Roadkill Nights is back to kick off Dream Cruise week with legal Woodward drag racing, drifting, Grudge Match

Henry Payne
The Detroit News

Drivers, start your engines.

After a year off during the coronavirus pandemic, Roadkill Nights Powered by Dodge is back to kick off Woodward Dream Cruise week Aug. 13-14. Presented by Motor Trend, the sixth annual event will feature drag racing on 1/8-mile stretch of Woodward public road in Pontiac with big horsepower, street-legal dragsters vying for a $10,000 prize in front of packed stands.

In additon to the usual street-legal drag racing on Woodward, the sixth annual Roadkill Nights Powered by Dodge will feature a Grudge Match between TV and online car celebrities in modified Dodge Hellcats.

Spicing the menu this year will be a Grudge Match. Dodge is handing out $10k each to a select group of four popular online muscle-car celebrities and "Fastest Cars in the Dirty South" TV host Eric Malone to modify a Dodge Hellcat. No rules. Fastest cat wins.

“Being the sixth year, we want to make sure we did something different,” said Dodge chief motorhead Tim Kuniskis in an interview. “The big change this year is that we are going to have the Hellcat Grudge Match. Who's faster? Who's more legit? Is it the TV builder's racers or is it the online guys? This probably is as hotly debated as professional wrestling.”

Dodge is the pro wrestling brand of autodom — the “People magazine of the industry” as Kuniskis likes to put it — and Roadkill Nights is the brand’s biggest stage. It’s a chance to show off its high-powered V-8 muscle cars in their natural habitat and host maybe the only street-legal drag race in the United States.

For the 2021 model year, Dodge offers an insane, Hellcat-powered, 700-plus-horsepower SRT version for every model in its lineup: the 807-horsepower Challenger SRT Super Stock, 797-horsepower Charger SRT Redeye sedan, and 710-horse Durango SRT Hellcat. All told, they boast more ponies than any other American brand.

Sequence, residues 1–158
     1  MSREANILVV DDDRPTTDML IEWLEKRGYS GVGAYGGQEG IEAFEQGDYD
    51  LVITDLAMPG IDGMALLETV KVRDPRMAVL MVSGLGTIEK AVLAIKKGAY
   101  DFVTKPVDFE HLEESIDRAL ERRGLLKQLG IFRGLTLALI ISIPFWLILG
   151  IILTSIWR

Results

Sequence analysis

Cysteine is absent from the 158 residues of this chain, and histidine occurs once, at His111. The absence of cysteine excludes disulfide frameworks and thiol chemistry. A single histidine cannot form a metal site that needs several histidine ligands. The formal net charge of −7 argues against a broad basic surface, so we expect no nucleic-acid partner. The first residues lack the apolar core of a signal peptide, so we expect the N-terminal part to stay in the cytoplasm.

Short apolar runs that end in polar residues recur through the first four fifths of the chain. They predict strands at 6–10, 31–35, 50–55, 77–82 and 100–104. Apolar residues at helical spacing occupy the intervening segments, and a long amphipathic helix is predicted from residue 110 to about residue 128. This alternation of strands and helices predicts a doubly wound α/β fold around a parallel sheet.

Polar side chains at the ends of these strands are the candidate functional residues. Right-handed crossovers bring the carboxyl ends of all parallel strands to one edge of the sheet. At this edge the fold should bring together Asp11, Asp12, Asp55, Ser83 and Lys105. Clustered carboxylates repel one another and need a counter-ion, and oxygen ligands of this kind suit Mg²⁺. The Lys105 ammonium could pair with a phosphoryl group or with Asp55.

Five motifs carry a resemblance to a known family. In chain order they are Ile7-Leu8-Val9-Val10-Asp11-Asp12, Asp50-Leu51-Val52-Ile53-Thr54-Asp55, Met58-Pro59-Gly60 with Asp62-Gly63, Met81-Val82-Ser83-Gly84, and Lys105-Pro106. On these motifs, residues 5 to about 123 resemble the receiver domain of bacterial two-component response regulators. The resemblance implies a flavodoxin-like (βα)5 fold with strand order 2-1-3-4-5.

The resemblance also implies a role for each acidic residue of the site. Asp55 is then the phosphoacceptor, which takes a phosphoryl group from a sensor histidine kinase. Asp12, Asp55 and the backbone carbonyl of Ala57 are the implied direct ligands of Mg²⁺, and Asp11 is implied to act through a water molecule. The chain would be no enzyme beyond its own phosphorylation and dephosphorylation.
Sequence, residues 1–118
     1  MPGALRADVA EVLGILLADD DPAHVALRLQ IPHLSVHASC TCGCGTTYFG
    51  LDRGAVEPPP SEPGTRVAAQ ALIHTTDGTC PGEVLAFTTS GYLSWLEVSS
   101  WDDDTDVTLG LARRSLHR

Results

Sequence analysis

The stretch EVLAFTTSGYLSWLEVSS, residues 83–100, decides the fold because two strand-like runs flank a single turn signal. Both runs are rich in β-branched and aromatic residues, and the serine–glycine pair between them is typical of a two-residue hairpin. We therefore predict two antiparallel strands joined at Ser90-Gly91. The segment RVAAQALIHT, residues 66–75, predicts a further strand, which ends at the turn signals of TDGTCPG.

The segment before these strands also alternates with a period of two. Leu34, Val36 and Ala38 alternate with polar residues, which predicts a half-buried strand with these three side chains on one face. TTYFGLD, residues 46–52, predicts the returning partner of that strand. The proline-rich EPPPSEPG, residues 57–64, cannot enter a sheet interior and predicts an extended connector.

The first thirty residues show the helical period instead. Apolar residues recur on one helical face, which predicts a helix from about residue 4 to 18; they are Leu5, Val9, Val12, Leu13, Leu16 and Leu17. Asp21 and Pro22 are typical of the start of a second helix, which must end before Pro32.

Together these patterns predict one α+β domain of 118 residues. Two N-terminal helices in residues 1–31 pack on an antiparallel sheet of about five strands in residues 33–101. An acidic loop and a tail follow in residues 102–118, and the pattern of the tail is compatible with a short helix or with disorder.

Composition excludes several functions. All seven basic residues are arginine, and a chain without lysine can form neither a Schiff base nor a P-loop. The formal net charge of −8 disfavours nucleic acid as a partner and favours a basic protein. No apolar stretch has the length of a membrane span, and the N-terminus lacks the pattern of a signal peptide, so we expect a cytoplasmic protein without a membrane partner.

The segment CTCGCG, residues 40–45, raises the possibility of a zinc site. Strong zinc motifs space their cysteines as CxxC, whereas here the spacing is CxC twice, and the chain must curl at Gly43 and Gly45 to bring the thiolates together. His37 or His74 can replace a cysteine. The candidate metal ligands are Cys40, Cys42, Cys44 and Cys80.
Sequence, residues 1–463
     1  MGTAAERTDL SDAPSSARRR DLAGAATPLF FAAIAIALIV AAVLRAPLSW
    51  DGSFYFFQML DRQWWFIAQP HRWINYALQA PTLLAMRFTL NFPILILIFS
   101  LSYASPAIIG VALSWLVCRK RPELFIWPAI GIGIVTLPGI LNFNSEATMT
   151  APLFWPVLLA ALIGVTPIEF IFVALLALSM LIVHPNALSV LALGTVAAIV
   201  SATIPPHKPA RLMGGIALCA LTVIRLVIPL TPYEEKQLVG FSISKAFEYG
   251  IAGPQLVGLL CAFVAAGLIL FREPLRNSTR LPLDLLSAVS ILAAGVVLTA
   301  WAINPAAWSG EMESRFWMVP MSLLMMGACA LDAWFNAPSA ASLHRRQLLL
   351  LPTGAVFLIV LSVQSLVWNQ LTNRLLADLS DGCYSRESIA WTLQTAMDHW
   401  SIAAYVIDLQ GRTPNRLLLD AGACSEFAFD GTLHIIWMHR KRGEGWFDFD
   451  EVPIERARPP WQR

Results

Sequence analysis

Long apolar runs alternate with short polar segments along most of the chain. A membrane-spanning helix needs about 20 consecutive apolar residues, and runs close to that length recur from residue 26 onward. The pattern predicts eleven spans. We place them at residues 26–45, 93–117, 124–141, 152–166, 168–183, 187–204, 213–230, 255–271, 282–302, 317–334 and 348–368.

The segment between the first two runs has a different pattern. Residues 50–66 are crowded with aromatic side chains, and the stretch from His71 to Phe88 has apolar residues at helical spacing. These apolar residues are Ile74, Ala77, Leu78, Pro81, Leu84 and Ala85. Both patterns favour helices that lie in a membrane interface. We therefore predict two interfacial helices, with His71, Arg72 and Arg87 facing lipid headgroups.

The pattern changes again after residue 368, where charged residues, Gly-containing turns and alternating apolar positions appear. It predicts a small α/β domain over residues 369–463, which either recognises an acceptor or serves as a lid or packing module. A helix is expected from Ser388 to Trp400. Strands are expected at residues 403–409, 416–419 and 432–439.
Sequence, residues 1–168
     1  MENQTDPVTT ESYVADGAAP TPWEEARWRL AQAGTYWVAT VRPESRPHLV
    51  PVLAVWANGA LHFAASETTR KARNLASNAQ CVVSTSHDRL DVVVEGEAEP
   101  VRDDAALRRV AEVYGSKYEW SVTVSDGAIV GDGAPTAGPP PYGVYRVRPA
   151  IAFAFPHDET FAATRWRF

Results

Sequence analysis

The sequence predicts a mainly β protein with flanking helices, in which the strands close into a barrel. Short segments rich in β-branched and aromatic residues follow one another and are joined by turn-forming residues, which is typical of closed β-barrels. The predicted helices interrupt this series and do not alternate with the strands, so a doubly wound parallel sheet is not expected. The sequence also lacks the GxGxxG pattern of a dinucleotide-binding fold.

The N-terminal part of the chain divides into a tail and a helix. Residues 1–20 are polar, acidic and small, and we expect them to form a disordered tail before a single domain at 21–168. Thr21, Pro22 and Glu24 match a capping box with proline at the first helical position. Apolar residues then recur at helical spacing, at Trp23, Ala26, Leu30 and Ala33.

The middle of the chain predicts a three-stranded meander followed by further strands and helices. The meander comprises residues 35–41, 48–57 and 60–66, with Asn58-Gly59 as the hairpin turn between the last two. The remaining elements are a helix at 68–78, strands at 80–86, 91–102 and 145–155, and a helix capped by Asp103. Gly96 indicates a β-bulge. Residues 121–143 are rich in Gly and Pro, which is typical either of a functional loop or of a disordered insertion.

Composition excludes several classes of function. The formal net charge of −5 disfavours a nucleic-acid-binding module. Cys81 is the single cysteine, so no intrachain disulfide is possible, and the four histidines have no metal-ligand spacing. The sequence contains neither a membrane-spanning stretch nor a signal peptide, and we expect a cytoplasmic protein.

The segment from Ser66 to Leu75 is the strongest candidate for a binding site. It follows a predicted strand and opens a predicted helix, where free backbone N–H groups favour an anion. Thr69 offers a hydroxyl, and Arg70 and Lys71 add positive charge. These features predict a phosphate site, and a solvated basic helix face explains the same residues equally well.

“We're all about having fun doing burnouts, and just enjoying our muscle cars and the lifestyle that goes along with (it),” said Kuniskis. “This is not (just) a Dodge event, this is open to the entire industry — anybody that loves fast cars. We want everybody to experience this thing that we call the Brotherhood.”

Brothers and sisters will be entertained by 120 invitation-only drag racers on Woodward as well as by interactive experiences at the adjacent M1 Concourse's Champion Motor Speedway and car club. Experiences like tire-smoking drift rides in Challenger and Charger Hellcats, race simulators, classic and modern muscle car shows, dyno testing, food trucks, and more.

One fan favorite that will not return this year: the Mopar NHRA drag racers piloted by Leah Pruett and Matt Hagan. The dynamic duo wowed fans in years past with explosive, nitro-fueled hole shots down Woodward in their Slingshot and Funny Car Dodge dragsters.

The Roadkill circus will be streamed by MotorTrend live with a one-hour "Roadkill Showdown Special" capturing the highlights for MotorTrend TV. MotorTrend TV and online personalities David Freiburger and Mike Finnegan will host.

“Woodward Avenue is the sketchiest place to go drag racing thing I've ever seen,” laughed Finnegan in an interview. The road has “a crown and a crack in both lanes and (stops) in the action every 20 minutes to wait for a train to go by. This place is magical.”

“Dirty South” host Malone will not only be at Roadkill for the first time, but will be competing in the Grudge March.

“I'm not gonna tell everything. But my plan is this car is gonna make over 1,000 horsepower,” he said.

COVID restrictions in Michigan made the event impossible to pull off last year, and this year was uncertain, said Kuniskis, due to “a lot of hand-wringing in the corner from the attorneys and some other people.”

So Roadkill organizers reached out to their 13 million-strong audience to see if the show should go on.

“The response was amazing. Actually exceeded our expectations,” said Kuniskis. “Over 95% said ‘Hell yeah, bring it back immediately.’ That was the reinforcement that we needed.”

In years past, the event has attracted some 50,0000 people over two days. This year, gates will open Saturday 10 a.m. to 9 p.m. Drag racing starts at 11 a.m.

Henry Payne is auto critic for The Detroit News. Find him at or Twitter @HenryEPayne.